Even the expressions we see on the faces around us may be a reflection of our culture’s emotional ideals. When a country favors excitement and enthusiasm, government leaders, CEOs, and university presidents smile more widely—with more teeth showing—in their official photos. In countries that value serenity more, leaders’ smiles tend to be more closed and calm.
“You get messages all the time from the larger culture about how you should want to feel,” explains Tsai.
How goals shape thoughts and behavior
By the time we’re adults, we have developed habits that help us feel what we want to feel and avoid feeling what we don’t. For example, if we’re very averse to negative feelings, write Birgit Koopmann-Holm and Tsai in a 2014 paper, we might do things like avoid unpleasant colleagues, not walk home late at night, or pass on horror movies.
Our emotional goals seem to operate in more subtle ways, too, shaping the contours of our emotional landscape. In one study, the more people preferred positive over negative emotions, the less often they experienced mixed emotions over the course of a week. Chinese people living in Hong Kong and Beijing had more mixed emotions compared to European and Chinese Americans.
When we look back on the past, it’s partly through the lens of our ideal feelings. In one study, researchers pinged students seven times a day to report how they were feeling and then, at the end of the week, asked them to recall their positive emotions from that week. Their memories weren’t completely inaccurate, but they were tinged by how much positive emotion people wanted to feel.
“A culture that values happiness might remember happiness more so than another culture that places less value on happiness,” write Christie Napa Scollon and her coauthors in the 2009 paper.
They speculate that our desired emotions may fill in gaps when we can’t remember how we felt, but they may also affect which emotions we pay attention to, which ones we encode in our memories, and how easy they are to access in our brains. And how we remember emotions is important, because it influences our future choices.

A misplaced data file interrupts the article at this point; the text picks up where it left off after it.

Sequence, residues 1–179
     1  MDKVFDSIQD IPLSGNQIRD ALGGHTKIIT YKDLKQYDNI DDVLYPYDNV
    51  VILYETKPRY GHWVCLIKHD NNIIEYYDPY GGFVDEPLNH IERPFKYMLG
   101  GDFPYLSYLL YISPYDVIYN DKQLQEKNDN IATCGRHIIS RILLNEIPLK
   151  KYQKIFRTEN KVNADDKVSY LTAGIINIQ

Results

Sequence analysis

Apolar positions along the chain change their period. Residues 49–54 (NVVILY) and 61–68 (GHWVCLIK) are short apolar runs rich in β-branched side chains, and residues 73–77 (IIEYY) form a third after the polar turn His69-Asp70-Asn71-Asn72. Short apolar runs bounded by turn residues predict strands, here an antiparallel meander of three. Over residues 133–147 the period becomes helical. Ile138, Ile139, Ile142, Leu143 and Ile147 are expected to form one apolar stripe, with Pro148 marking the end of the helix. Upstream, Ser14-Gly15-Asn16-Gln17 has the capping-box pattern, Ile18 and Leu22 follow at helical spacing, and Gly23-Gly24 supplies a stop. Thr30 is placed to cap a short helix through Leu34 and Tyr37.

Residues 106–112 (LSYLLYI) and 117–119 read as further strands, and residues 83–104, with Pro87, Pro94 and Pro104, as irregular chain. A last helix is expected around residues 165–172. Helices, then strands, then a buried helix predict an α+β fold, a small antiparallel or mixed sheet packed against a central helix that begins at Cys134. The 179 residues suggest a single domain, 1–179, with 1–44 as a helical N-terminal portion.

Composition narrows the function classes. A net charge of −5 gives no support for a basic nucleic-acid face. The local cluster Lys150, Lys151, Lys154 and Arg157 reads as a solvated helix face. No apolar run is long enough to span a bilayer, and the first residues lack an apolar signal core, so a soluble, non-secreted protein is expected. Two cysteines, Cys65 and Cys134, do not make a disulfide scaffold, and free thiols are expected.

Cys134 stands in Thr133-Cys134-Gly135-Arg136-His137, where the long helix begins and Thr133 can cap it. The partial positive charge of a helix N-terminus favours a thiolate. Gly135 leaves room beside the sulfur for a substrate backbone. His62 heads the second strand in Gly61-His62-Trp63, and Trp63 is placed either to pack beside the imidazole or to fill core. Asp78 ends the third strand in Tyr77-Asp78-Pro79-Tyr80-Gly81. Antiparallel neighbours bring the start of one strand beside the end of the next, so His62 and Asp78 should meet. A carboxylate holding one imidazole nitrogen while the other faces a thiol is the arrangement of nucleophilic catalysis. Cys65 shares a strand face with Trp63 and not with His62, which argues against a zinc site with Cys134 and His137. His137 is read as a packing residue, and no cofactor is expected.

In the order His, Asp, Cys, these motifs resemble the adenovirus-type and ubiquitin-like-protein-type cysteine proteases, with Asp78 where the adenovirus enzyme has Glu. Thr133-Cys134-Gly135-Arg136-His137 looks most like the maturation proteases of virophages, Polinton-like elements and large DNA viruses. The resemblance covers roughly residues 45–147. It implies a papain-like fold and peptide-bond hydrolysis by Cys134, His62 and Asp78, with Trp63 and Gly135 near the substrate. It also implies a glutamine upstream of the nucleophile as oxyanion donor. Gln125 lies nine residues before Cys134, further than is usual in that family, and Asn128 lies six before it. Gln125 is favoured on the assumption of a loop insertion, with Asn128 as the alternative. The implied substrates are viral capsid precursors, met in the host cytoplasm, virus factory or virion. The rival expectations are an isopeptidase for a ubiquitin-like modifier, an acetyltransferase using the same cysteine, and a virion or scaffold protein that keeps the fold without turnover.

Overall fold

Finally, our emotional goals are shaped by our values, too. At least that’s what researchers found when they surveyed over 2,300 people in eight different countries, including the U.S., China, Brazil, Germany, and Israel. For example, people who valued connecting and benevolence wanted to feel more empathy and compassion; people who valued self-interest and power wanted to feel more anger and pride; people who valued novelty and exploration wanted to feel more interest and excitement; and people who valued security and tradition wanted to feel more calm and less fear.
Healthy emotional goals
Does this mean that certain emotional goals are healthy and others aren’t, and we should adjust ours accordingly?
Not exactly. The most consistent findings show that it’s the gap that matters—the difference between how you want to feel and how you actually feel. In that study of more than 2,300 university students, young people in nearly every country were more depressed and less satisfied with life when these discrepancies were larger.
Unsurprisingly, perhaps, students in another study who were feeling more low-energy negative emotions (like dull, sleepy, and sluggish) than they wanted to feel were more depressed, while those who felt too many high-energy negative emotions (like fearful, hostile, and nervous) were both more depressed and anxious.